If you look at those countries, as a proud Cameroonian, you ask yourself why not Cameroon? You ask yourself what you can do to make your own country move forward. I know that Cameroonians expect that some of us who have been fortunate enough to be exposed to other experiences should bring those experiences forth and enrich the lives of fellow citizens.

The womanfolk in Cameroon constitutes quite a considerable portion of the population. Yet, you can't say that they have been given a fair deal. What do you think can be done, particularly, to enhance their participation in the country's political life?

One of the things that I think our generation has to walk towards is to provide equal opportunities to women. In a number of countries, NDI has worked with all the political parties to make sure that they set aside provisions to encourage women's participation.
In Senegal, for instance, NDI and all the Senegalese political parties negotiated an agreement, which has commitments from all the parties to say that, for local elections, about 30 percent of the seats be reserved for women candidates.

That led to thousands of Senegalese women being elected into office. When women get positions at the council and regional level, it will increase their participation and give them experience in leadership not only at the grassroots level but at the national level. That is what I hope should happen in Cameroon.

Is there anything that can be done, and done promptly, to improve on our democratic process?

Yes. First of all, Cameroonians must wake to the fact that nothing would be given to them on a platter of gold. I think Cameroonians need to be more active and orderly in their expectations because, if the citizenry is not active, the officials would not feel bound to report back to those who elected them into office. We need vibrant political parties. Political parties serve as channels for citizens' opinions in policy-making.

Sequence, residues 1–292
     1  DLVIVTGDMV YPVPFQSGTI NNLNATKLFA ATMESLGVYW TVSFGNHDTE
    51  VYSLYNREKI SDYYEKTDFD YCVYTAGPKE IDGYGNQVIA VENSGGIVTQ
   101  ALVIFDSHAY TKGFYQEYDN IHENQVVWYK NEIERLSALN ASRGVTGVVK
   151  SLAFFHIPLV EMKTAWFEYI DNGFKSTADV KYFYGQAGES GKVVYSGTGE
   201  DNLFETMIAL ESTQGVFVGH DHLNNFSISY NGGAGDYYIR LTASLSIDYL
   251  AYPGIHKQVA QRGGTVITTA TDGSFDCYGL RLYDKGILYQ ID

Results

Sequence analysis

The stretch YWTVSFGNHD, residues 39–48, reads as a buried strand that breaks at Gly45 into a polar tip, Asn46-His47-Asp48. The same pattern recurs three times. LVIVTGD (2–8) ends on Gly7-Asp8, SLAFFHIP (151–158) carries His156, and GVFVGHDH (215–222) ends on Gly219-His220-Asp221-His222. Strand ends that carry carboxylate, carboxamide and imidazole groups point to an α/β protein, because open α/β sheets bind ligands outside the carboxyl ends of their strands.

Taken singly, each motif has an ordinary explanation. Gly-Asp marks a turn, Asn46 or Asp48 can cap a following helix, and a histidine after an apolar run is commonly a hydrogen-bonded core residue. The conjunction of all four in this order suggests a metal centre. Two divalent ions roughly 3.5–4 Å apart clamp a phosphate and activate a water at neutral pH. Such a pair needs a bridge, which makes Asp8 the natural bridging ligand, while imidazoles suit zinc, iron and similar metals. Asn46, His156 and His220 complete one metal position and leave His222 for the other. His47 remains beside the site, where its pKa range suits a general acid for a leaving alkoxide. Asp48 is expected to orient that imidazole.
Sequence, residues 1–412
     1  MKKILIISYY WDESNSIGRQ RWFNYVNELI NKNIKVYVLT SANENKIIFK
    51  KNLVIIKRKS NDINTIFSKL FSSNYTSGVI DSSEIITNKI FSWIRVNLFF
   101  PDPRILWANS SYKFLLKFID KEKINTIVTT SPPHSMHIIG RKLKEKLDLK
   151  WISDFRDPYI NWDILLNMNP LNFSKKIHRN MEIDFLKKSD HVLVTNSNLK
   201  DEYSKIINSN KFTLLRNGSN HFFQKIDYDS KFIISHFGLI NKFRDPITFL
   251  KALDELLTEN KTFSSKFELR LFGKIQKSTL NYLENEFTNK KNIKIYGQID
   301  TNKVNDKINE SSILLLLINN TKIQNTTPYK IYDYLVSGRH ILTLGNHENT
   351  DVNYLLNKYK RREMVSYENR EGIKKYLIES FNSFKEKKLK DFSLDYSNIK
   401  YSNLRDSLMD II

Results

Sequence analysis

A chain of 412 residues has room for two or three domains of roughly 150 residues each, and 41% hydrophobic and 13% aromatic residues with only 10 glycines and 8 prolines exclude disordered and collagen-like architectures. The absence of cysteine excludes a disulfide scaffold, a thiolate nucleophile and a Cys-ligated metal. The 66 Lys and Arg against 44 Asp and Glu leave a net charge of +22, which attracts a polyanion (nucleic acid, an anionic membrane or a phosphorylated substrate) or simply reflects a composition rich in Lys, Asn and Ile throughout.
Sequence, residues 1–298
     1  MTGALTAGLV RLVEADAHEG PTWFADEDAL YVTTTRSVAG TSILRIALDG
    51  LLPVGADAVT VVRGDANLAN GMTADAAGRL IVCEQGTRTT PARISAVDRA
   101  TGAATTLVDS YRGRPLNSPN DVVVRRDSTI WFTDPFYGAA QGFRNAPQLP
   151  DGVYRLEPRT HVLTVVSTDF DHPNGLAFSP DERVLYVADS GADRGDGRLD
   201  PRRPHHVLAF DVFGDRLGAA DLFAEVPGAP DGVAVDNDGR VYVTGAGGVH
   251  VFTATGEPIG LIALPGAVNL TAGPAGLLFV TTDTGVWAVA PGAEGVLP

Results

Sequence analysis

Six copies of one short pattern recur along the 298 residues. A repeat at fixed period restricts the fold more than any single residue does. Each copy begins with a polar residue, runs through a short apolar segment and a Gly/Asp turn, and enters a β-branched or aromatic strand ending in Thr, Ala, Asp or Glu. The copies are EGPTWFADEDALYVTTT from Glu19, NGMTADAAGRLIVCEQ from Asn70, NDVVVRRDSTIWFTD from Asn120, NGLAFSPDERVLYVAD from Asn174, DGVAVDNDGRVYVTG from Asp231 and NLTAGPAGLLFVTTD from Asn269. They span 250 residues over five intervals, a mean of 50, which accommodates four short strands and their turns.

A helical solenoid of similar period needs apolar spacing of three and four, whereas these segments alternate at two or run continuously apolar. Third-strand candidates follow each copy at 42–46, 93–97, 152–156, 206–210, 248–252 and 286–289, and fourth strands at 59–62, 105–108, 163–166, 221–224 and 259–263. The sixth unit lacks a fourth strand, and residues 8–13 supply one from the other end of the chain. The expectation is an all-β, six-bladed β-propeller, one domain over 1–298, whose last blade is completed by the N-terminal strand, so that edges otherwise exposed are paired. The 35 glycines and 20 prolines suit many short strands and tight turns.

I think we should get out of the situation we have right now with over 100 political parties registered in Cameroon as if there are a hundred ways of addressing poverty alleviation and health care etc. Our political leaders should come, once in a while, and address what the big issues are and organise political parties to mean something to the Cameroonian people. Whether at the level of Parliament or at the level of the Executive Branch, we need committed and true democrats. We cannot make democracy without true and committed democrats.

With all these exciting ideas that you are propagating, what really keeps you from coming back to Cameroon and joining the other patriotic Cameroonians who are engaged in this fight?

Well, for over two decades, I have been working on the motivation of the African continent and this continent has been my focus. I take pride each time an African country does well; whether it is Cameroon or another country. Ultimately, as we all know, home is home.

One would expect that, one of these days, you would come back and make your contribution to the democratic struggle…

Well, people who know me well and those who knew me right from my birth through my secondary school to high school days and even my days at the University of Yaounde, know my attachment to my country. And they know that, under the right circumstances, I would look for ways to make my contribution.